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Were you inspired by the flips of gymnast MyKayla Skinner, the speed of track star Gabrielle Thomas or the skills of swimmer Katie Ledecky?
Keep the Olympic flame burning by learning a lesser known sport at one of Utah’s many sporting venues and gyms.
The Utah Olympic Park in Park City — where some of the events for the 2002 Olympics were held — is an obvious place to start. It offers summer activities for novices and aspiring Olympians, said Kole Nordmann, the facility’s marketing and media production manager.
There’s no need to wait for snow to try summer bobsledding, ski and snowboard freestyle pool lessons, zip line tours, extreme tubing and the Alpine Slide. These activities have fees, so check out the Utah Olympic Park website for more information.
There are plenty of free activities, Nordmann said, including hiking trails, the park’s two museums and watching athletes as they power through their training programs.
“You don’t see the grind every single day,” Nordmann said. “[So seeing them train] humanizes the athletes. … This is their job. They have to do these things every day.”
Here are a few other ways to play like an Olympian in Utah.
From Marvel’s Hawkeye to Disney’s Princess Merida, there’s no shortage of characters who wield bows and arrows.
But the real experts were found at the Tokyo Olympics, where Mete Gazoz of Turkey took gold in the men’s individual competition and An San of South Korea won gold in the women’s individual competition.
There are a number of places around Utah where everyone from novices to experienced archers can practice their aim:
Easton Foundations Archery Center in Salt Lake offers archery equipment rentals for $5 to $10 an hour. Equipment includes a bow, five arrows, a quiver and an arm guard.
Salt Lake Archery has children’s archery lessons Monday through Friday evenings. The classes are $8 per child and include equipment, shooting time and lessons from certified instructors.
The indoor shooting range at Wilde Arrow Archery in Centerville costs $5 a day for youth and $8 a day for adults. The joint archery store and range also offers a series of beginning archery classes; the first one costs $30 per person and provides equipment for use.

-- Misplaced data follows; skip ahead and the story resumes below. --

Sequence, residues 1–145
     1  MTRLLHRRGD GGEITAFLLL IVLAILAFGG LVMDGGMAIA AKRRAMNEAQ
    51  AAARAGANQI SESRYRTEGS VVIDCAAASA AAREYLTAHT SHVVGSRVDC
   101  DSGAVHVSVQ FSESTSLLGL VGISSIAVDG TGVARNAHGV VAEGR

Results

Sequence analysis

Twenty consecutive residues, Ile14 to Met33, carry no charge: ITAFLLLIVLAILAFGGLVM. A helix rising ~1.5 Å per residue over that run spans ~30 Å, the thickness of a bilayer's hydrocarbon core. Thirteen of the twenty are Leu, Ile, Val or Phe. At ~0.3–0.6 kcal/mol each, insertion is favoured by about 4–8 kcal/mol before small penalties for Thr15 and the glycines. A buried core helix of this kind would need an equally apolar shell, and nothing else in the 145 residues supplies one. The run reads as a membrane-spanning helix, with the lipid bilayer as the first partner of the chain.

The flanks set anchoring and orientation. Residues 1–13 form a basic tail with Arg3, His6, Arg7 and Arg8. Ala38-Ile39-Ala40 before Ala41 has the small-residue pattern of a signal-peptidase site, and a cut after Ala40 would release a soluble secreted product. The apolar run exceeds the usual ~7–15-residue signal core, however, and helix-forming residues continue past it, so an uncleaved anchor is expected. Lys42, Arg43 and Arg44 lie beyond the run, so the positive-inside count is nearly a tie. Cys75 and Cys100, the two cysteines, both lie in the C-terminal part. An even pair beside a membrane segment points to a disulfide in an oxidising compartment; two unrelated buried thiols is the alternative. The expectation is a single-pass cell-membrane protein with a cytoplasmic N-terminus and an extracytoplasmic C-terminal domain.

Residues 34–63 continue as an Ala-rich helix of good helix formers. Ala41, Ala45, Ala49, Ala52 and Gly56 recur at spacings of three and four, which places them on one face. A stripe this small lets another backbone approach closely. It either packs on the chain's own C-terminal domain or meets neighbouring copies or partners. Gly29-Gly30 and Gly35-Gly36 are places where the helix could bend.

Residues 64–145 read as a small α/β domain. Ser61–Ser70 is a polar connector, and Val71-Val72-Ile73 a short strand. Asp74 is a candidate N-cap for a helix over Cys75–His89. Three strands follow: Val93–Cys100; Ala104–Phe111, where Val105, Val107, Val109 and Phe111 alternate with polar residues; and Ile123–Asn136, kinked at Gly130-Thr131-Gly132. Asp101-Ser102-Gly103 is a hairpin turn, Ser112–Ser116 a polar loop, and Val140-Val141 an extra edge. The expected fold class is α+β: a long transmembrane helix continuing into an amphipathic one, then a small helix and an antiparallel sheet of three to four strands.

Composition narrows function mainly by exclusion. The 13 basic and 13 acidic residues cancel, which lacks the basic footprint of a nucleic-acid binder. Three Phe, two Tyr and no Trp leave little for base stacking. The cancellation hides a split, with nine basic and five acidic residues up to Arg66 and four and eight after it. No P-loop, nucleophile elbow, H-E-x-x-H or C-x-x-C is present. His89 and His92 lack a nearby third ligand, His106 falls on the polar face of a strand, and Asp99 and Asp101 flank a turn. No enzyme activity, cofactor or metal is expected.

Players — either alone or in pairs — hit a shuttlecock across a net in this racquet sport, which officially became part of the Olympics in 1992.
In Utah, aspiring badminton players can try the game courtesy of The Utah Badminton Association at the Dimple Dell Fitness & Recreation Center in Sandy. It costs $5 per day.
The University of Utah Badminton Club also welcomes anyone interested in the sport to join them in the George Rice Eccles Student Life Center. Days and hours vary by semester; admission for non-students is $6 with the sponsorship of a student. See the club’s Facebook page for more information.
If daring sword fights or epic duels seem exciting, then this sport might be for you.
The sport involves speed, agility and “chess-like strategic thinking,” according to the Wasatch Fencing website.
This year, American Lee Kiefer took gold in the women’s individual foil event.
Salt City Swords Fencing Club, (formerly Utah Sword Academy) is located at 3536 S. West Temple. For $95 a month, plus a $30 equipment fee, beginners can take a class a week.
Wasatch Fencing in Kaysville will give prospective fencers a one-hour lesson with a coach for $35. After that, adults pay a one-time registration fee of $200 to cover equipment and the first month’s gym fee. (Registration is $100 if a fencer already has equipment.) Monthly fees after registration vary. Visit the website for more details.
Valkyrie Fencing Club in Pleasant Grove offers a four-week trial membership for $120. This includes eight training and instruction sessions and use of club equipment.
This game was first played in Scandinavia and Germany at the end of the 19th Century, according to Team USA’s website. it involves two teams of seven players passing a ball with their hands with the aim of throwing it into the other team’s goal,
It was originally introduced as an outdoor summer sport in 1939 Olympics, but has been played as an indoor summer sport since 1972.
However, Patrick Halladay, a representative for the Massif SLC Team Handball Club, clarified that the Utah Handball Association is affiliated with a version of the sport that’s different than the version used in the Olympics.
“It’s more like racquetball played with the palm of your hand,” he said. “Because of this confusion, Olympic handball is referred to as ‘team handball’ in the U.S.”
Halladay also said that the Massif SLC Team Handball Club plays team handball (the Olympic version of the sport) and meets every Thursday from 6 p.m. to 8 p.m. at the Sandy Elementary Futsal Courts.
This combat sport demands physical prowess and mental discipline, according to Team USA’s website, and involves techniques that allow competitors to lift, throw and pin down opponents.
Despite this, the word “judo” literally means “the way of gentleness,” from the Japanese character “ju” meaning “gentle” and “do” meaning “the way.”
In Tokyo, Japanese athletes won gold medals in five men’s weight categories, while four additional Japanese judokas took gold in four women’s weight categories.
Adults and children can learn the moves at Rocky Mountain Judo in Midvale. The first few visits are free, then tuition is $80 a month.
Lehi Judo Club also offers adult and kids’ classes. After a one-week free trial, tuition is $70 a month for one to two classes a week or $90 a month for unlimited classes.
Kaizen Judo Dojo in Clearfield has a monthly membership for $60 per person and a family membership for a four for $125 a month.
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